“Adventures of a Happy Homeless Man is my first film without any violence. Three years ago, I could never have imagined making a movie without violence.”
Dicky Tanuwidjaya’s Adventures of a Happy Homeless Man will hit Sydney’s Chauvel Cinema on July 18. Cinema Australia’s Matthew Eeles spoke with the Australian filmmaker recently to discuss his original, unique and very funny mockumentary.
Interview by Matthew Eeles
Tell us a bit about yourself…
I’ve always been fascinated by cinema since I was a little kid. The excitement that you can tell a story from your point of view by creating your own universe and your own characters is something that draws me into filmmaking.
I started making short films from my late teens. After I made several shorts, I did my first feature film in 2010. Up to that point, all my works were heavily influenced by Guy Ritchie and Quentin Tarantino. However, in the last few years, my taste has changed quite radically. Nowadays, I’m more drawn to quirky independent dramedies. Films made by Spike Jonze, Richard Linklater and John Carney inspire me.
Adventures of a Happy Homeless Man is my first film without any violence. This surprised my frequent collaborators and even myself. Three years ago, I could never have imagined making a movie without violence.
Did you always have Felino Dolloso in mind for the lead character?
For this particular one, yes. We worked well together in my first feature film, The Devil’s 6 Commandments. Aside from possessing a great talent in acting, he’s very down-to-earth and very easy to work with. There’s also a little bit of his personality in Rafael.
Tell us about some of the challenges you faced making the film on such a low budget…
This is where experience counts. I learned a lot from my first feature film, The Devil’s 6 Commandments. Due to budget constraint, my first feature film was an action/thriller shot over 19 shooting days within 4 weeks, with as many 3 different locations a day. I believe we did quite well on that one, especially in the visual style, considering the budget and time. But I also felt that one was uneven. There were scenes that came out as planned, but there were also scenes that were done in a rush because we didn’t have enough time and money.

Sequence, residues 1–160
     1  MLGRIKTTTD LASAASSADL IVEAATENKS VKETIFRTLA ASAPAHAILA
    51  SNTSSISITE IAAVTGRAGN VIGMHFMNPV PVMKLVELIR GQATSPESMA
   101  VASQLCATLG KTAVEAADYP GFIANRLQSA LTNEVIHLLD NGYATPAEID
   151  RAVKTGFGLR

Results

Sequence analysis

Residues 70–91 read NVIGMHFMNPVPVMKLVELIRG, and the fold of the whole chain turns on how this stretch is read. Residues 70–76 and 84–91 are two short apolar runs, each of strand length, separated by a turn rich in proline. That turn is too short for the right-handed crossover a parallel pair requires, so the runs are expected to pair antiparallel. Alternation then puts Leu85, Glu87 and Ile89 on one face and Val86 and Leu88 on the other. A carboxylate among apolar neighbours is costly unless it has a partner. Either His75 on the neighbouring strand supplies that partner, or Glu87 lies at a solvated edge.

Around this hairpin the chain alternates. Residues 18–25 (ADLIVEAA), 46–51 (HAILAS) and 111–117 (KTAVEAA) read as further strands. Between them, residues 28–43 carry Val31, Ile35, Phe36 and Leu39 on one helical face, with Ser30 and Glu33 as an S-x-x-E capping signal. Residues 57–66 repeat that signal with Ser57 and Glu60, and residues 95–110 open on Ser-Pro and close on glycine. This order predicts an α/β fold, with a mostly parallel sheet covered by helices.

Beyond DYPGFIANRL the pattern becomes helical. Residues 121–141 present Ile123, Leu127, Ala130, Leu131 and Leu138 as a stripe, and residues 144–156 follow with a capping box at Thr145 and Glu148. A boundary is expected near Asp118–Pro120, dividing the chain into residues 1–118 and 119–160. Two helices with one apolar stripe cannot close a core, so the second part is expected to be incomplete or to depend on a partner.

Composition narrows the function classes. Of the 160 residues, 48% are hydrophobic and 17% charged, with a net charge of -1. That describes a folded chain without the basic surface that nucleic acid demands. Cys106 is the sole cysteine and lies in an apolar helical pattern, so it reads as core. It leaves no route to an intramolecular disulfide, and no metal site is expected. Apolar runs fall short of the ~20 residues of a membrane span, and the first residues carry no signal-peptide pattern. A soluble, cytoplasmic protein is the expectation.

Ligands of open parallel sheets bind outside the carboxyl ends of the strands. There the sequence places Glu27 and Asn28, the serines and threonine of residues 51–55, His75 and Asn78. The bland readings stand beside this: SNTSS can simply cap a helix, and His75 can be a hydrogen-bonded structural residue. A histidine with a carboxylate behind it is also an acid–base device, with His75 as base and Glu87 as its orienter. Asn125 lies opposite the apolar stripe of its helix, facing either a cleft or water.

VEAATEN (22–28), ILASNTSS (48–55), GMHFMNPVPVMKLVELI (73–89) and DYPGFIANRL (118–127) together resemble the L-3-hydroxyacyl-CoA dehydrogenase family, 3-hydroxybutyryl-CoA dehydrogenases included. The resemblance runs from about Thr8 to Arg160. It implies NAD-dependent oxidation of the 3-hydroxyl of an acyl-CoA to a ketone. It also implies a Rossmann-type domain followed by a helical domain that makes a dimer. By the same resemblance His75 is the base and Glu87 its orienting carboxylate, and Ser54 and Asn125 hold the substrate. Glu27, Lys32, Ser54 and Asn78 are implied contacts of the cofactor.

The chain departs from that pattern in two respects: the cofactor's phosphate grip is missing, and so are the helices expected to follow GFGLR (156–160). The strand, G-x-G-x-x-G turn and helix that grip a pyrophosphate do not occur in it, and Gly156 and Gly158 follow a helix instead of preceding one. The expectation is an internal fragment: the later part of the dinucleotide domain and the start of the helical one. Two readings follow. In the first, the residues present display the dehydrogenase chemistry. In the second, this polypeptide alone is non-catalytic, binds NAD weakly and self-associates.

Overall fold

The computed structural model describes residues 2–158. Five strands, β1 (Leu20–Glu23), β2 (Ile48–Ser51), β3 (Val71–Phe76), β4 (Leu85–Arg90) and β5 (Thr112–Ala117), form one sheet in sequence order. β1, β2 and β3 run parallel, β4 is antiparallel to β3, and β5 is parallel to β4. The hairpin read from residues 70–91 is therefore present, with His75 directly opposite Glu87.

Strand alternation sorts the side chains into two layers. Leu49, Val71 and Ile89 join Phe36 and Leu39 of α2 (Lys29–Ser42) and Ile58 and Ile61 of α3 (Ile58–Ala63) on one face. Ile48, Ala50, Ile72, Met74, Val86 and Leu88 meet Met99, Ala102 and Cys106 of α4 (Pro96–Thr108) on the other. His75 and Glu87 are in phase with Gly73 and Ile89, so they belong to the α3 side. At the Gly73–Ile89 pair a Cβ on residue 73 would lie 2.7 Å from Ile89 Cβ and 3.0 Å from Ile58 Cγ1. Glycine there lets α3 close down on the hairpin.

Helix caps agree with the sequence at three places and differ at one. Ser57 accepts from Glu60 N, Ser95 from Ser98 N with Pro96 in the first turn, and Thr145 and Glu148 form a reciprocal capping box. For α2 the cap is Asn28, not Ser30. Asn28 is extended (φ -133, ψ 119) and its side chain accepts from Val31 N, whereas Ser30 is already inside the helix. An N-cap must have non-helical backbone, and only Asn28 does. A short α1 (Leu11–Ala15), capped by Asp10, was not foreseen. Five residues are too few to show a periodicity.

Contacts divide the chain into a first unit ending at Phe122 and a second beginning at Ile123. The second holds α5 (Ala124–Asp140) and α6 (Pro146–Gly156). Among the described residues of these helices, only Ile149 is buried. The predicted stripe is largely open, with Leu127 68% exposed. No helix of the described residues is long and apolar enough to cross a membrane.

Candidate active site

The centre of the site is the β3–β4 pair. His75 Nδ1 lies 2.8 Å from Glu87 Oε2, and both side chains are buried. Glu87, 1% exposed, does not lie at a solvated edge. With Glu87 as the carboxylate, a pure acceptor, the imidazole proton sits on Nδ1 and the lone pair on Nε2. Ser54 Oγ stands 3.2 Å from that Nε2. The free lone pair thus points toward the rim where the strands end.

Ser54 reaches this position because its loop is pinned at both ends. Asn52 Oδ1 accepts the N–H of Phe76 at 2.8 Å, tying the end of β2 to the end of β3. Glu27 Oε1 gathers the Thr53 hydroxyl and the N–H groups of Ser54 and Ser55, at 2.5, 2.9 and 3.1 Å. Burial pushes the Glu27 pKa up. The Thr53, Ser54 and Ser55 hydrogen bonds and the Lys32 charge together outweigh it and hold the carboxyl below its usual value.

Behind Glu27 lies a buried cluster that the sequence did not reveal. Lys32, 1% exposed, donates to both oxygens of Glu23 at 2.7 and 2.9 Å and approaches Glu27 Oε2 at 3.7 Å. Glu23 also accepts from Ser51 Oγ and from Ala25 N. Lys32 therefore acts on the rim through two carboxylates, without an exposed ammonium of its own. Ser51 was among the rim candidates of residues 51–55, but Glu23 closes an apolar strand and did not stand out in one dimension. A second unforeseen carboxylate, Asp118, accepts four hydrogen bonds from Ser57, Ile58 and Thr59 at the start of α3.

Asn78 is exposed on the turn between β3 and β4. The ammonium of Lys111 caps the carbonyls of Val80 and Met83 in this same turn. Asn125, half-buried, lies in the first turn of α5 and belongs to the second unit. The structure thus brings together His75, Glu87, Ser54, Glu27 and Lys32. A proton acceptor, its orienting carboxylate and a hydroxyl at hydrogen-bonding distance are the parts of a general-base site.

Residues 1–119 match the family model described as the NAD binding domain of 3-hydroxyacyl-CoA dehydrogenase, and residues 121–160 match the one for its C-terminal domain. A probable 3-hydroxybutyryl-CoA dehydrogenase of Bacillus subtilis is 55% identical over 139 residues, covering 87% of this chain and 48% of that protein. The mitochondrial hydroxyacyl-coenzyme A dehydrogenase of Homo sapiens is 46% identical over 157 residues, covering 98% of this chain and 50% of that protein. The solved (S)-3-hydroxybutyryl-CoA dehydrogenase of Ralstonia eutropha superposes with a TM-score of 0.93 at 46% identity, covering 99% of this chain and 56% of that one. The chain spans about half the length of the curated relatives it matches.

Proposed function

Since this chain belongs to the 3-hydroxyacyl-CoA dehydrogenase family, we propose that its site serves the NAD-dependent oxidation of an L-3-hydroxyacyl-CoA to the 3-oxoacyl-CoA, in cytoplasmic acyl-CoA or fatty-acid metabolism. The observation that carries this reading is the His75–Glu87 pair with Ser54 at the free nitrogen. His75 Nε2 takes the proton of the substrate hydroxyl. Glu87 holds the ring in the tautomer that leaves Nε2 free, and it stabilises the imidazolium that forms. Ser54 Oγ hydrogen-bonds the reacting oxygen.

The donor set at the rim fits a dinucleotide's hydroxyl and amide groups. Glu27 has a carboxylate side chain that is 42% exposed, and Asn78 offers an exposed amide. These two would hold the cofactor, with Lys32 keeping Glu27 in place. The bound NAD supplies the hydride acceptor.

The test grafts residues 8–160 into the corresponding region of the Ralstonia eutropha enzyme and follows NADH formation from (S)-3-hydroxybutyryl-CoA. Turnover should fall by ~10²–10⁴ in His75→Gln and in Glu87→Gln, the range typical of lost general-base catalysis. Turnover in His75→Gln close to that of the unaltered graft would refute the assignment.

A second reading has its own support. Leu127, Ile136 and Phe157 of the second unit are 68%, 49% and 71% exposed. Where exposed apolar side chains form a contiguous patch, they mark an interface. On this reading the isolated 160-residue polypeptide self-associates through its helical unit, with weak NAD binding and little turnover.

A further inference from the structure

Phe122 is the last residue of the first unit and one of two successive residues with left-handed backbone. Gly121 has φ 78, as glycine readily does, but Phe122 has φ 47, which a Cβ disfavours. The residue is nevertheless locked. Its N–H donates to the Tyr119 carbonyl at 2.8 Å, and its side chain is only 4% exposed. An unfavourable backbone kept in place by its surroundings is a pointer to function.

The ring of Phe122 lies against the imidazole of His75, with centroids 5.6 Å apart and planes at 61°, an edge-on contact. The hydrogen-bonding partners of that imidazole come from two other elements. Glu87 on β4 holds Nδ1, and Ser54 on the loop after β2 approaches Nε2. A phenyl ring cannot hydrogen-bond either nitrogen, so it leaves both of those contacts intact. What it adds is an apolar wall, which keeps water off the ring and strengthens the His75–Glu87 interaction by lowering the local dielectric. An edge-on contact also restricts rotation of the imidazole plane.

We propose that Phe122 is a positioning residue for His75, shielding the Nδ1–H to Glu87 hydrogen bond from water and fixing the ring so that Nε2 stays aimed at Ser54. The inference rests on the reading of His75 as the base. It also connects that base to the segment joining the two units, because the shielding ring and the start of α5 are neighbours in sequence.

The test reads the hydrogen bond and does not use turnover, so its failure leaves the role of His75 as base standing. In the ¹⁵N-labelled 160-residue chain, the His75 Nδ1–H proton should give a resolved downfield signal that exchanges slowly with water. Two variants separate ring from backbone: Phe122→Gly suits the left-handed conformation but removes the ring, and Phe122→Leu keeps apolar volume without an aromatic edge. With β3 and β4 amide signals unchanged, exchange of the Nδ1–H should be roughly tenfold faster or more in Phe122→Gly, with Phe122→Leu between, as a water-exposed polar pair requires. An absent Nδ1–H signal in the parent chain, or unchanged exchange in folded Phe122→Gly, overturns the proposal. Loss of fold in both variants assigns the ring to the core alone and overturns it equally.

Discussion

Learning from that experience, in Adventures of a Happy Homeless Man, I wrote a script that could be filmed with our limited resources; a story that focuses more on the emotional journey of the characters, rather than a story that relies heavily on visual style.
Since the script and the style of filming for this one did not require much budget, our main challenge was scheduling the shoots. Since everyone was busy, we were only able to film about 3 days/nights a month. I had to constantly reschedule. Shooting took 6 months. However, since we had long gaps between shooting days, we were able to plan things to the tiniest details, and everyone’s always fresh and in high spirit on set, resulting in great performances all around.
What was one of the more interesting experiences you had making the film?
I wanted the film to look and feel as closely to a documentary as possible. There was a scene where Rafael held up “Free Kisses” sign on a busy street. We only needed several seconds of this, but we kept the camera rolling for 5 minutes. There was a young couple walked pass, and the girl joked around telling Rafael that her boyfriend wanted a free kiss from him. There were also a couple of guys cheekily asked Rafael for free kisses. There were people taking photos of him. They thought he was for real, and they thought myself and the crew were really making a documentary about him.
What, if anything, do you want audiences to take away from the film most once they’ve seen it?
The outer most layer of the film is a comedy, so I want the audience to enjoy the film. However, if they dig deeper, there are layers of heartfelt drama underneath the comedy layer. I want the audience to think. Many of the characters in the film have emotional dilemma that the audience can relate to.
There’s Gus (Nathan Bowen) who’s frustrated in a well-paid job that he dislikes, but he worries about losing the security that his job offers. There’s Felicia (Aleksandra Voronina), whose marital problems caused by lack of time spent between her and her husband, because they’re both busy working long hours to pay for house mortgage. There’s Denise (Iwona Abramowicz), who takes a lot of risk to do what she really wants. I think the audience can relate to these characters. There are many more characters in the movie that seem simple but actually complex.
Has the film opened many doors for you in terms of future film work?
We’ll have to wait and see after the film’s out. But I have received many emails from actors, writers, musicians, etc wanting to collaborate on new projects.
What’s next for you as a filmmaker?
There are 3 projects that are in development: a psychological thriller, a feel-good sports drama and vampire movie. We’ll see which one gets made first.
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